—Originally published 4.30.04
"Don't hate the player, hate the game," the annoying phrase goes.
When it comes to mixing politics and art, it's hard to figure out exactly where to draw that line.
The first decade of the 21st century is going down as one of the most politically polarizing times in our nation's history, and that divisiveness spills over into the entertainment industry.
Granted, this is nothing new; politics and popular art have a long history together, touching on everything from the Vietnam War to apartheid to abortion to the AIDS epidemic.
Some people are willing to gulp down whatever political stance their favorite actor or musician or writer throws out there and, worse yet, adopt positions based solely on what those megastars put forth.
Others, upon hearing, say, the Dixie Chicks criticize President Bush, boycott all material relating to said artist.
This conundrum crops up all the time. Just 10 days ago, several punk bands got together to release "Rock Against Bush, Vol. 1," a highly-critical compilation of new and unreleased songs from several highly-regarded groups such as Alkaline Trio, Social Distortion and The Ataris. I'm sure there were those who, sporting their "Anybody But Bush Again" T-shirts, ran out to buy the album ASAP, while some Bush supporters probably broke their Sum 41 CDs in half (not missing much there, though).
I've struggled with this issue since I was old enough to understand both artistic content and politics. There is no easy answer, but I find both ends of this spectrum (the slurpers vs. the stoics) unjustified.
It basically comes down to how important a given issue is to you and/or how serious you take your entertainment. I obviously take music, film, etc., very seriously, so I hold the artists I like to very high standards.
As long as those people are producing meaningful work, rarely does an artist's personal life factor into my appreciation (except for your occasional child molester or devil worshipper). It's impossible to know everything about everyone, so I try to balance what comes through the work with what appears on screen or on an album. It's impossible to completely vet every artist -- I'd never watch a movie or listen to a song.
Politics, for me, is not a deal-breaker. No matter who I vote for in November, that person is still a politician and they're all compromised if not downright crooked. My faith in statesmanship at the highest levels is about nil. Instead I'm left looking for the candidate who isn't quite as bad as the other, and that's a sad state of affairs.
In the end, I reconcile my love for musicians on the absolute opposite political rainbow from me with this mentality: Better they're passionate about something than nothing at all. Matter of fact, they better be passionate about something other than just lining their pockets, or I probably won't pay attention in the first place.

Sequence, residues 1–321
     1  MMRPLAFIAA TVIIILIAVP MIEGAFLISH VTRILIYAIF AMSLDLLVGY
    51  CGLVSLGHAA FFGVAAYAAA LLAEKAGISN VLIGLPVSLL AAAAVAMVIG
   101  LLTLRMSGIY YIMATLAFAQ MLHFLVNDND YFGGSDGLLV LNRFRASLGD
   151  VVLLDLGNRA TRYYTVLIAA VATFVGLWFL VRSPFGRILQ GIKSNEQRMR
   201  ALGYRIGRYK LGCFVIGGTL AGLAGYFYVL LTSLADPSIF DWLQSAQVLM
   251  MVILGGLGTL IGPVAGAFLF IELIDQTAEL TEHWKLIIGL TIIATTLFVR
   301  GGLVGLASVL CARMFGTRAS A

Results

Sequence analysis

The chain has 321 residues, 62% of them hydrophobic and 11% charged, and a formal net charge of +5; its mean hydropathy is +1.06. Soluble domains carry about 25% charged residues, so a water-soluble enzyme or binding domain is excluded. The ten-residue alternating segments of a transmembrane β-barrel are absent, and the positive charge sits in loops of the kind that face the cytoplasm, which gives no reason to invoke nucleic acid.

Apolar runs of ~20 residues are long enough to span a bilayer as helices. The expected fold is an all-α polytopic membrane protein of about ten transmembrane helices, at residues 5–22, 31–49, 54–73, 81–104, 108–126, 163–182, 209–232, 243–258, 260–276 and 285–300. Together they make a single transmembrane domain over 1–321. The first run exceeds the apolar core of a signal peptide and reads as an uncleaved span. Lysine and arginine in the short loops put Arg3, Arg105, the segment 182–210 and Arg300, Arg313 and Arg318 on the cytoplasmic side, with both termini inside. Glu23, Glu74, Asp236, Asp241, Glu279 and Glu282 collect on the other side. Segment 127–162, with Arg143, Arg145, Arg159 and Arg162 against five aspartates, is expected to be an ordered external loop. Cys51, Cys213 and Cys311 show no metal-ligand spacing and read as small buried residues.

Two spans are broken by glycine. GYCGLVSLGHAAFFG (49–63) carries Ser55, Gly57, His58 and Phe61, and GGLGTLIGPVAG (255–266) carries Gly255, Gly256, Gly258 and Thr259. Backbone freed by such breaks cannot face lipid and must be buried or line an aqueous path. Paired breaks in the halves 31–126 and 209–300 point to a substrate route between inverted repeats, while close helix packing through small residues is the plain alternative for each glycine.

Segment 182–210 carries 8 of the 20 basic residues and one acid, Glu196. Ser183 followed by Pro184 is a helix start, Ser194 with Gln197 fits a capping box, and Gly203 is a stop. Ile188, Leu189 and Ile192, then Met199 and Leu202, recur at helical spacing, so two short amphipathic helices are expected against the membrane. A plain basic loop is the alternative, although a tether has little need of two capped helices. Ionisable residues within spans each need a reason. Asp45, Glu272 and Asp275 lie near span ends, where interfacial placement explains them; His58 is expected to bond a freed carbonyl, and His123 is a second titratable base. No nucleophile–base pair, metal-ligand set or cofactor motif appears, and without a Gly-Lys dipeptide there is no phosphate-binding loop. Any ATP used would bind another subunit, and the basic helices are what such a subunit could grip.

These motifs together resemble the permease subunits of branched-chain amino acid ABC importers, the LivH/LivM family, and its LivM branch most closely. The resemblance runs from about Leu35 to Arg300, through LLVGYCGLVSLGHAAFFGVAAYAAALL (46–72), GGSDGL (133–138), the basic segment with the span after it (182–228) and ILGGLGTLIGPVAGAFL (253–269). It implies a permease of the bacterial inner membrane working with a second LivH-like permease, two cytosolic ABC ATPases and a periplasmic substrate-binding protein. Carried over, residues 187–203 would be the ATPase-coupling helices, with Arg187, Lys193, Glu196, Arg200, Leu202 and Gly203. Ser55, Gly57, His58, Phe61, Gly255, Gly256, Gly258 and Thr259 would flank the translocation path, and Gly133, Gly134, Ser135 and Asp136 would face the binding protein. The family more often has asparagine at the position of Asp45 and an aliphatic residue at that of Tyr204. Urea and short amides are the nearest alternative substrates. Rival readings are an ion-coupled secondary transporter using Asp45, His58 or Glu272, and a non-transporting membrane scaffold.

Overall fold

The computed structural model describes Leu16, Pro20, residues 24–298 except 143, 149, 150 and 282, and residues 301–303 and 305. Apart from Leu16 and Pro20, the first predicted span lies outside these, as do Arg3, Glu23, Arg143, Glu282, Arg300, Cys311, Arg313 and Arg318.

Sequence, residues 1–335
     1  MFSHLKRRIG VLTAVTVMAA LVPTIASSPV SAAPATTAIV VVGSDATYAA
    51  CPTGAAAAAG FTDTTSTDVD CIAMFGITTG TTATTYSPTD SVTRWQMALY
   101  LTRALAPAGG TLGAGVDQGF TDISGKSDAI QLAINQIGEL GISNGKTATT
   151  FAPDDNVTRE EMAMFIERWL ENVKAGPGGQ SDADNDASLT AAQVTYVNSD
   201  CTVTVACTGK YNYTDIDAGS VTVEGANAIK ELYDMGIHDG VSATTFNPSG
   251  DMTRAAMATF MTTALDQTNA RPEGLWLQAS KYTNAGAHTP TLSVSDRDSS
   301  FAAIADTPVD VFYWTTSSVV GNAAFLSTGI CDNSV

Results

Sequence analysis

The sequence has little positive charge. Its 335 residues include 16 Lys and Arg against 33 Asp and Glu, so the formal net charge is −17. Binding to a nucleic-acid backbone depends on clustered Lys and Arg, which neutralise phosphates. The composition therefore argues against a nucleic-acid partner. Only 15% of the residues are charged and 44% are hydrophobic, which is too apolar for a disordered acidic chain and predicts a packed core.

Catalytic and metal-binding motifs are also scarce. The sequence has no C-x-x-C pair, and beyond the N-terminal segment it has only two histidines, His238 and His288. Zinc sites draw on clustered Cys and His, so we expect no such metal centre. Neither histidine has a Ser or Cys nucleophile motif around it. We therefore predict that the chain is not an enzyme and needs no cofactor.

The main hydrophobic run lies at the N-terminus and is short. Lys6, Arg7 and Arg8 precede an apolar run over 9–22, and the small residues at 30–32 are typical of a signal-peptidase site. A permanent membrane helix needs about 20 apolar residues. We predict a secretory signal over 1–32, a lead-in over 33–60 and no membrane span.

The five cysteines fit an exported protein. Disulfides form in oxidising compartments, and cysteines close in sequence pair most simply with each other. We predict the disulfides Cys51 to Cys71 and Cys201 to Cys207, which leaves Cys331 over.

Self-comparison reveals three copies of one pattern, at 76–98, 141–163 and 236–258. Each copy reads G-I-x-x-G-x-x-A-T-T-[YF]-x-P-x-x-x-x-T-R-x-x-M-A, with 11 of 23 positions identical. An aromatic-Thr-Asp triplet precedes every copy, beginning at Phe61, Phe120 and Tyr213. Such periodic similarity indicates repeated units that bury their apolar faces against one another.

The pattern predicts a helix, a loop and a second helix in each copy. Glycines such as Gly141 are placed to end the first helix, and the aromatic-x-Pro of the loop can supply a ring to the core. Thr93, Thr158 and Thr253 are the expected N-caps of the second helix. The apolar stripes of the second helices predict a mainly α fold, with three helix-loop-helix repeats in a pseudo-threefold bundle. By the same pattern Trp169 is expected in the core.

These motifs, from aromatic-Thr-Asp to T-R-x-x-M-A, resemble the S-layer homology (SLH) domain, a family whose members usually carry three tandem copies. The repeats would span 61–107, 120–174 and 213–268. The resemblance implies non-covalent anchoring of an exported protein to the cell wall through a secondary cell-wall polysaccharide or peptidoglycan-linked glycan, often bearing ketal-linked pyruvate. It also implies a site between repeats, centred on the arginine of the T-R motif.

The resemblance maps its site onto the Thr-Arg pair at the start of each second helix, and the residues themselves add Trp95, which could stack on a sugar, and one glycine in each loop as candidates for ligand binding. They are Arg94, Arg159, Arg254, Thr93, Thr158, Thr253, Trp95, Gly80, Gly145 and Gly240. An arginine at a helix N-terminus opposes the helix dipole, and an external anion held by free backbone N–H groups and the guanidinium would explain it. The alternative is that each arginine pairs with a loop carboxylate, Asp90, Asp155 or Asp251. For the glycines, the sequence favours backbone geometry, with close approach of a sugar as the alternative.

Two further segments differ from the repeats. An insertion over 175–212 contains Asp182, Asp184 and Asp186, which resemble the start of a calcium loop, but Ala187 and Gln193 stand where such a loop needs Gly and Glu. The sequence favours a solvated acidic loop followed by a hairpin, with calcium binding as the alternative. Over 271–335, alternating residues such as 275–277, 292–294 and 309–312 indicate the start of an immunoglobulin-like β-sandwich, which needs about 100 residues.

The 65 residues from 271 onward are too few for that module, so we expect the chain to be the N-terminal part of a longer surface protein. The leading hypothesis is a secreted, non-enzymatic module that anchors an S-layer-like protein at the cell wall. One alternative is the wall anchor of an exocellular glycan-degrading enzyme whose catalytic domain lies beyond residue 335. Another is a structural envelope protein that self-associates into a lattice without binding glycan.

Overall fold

Looking at it another way, would I stop being friends with someone just because we differ politically? No. I should want to learn more about their views and try to understand where those friends are coming from. We can agree to disagree but still enjoy each other's company.
Thus, I typically don't go in for these "boycotts" that crop up every once in a while. I skip past "Bushleaguer" -- an inane anti-Bush rant on Pearl Jam's latest album, "Riot Act" -- but count "You Are" a few tracks back as one of the group's most powerful songs. One does not disqualify the other.
I have a problem, though, when artists present their opinions in ways that are beneath their talent. If you have a strong point of view, that's good -- present it with some class and I'll respect you in the morning.
But I get annoyed when Pearl Jam lead singer Eddie Vedder assaults a rubber Bush mask onstage or Michael Moore shouts like a fool from the Oscar podium or Toby Keith writes a chest-beating post-9/11 "anthem" or Susan Sarandon screams like a banshee at a pro-choice rally.
That's just moronic, pandering behavior and serves little purpose other than placating sycophants. These are, supposedly, intelligent people, and they should act like it.
To his credit, though, Vedder proved quite prophetic during a show in Seattle on Nov. 6, 2000, just hours before polls opened for the presidential election pitting Bush against then-Vice President Al Gore (with some Ralph Nader thrown in on the side).
"We'll see you at the voting booth tomorrow," he told the rabid crowd that night. "If you don't vote, let that be your epitaph."
Twenty-four hours later, I'm sure there were a lot of people wishing they'd followed that advice.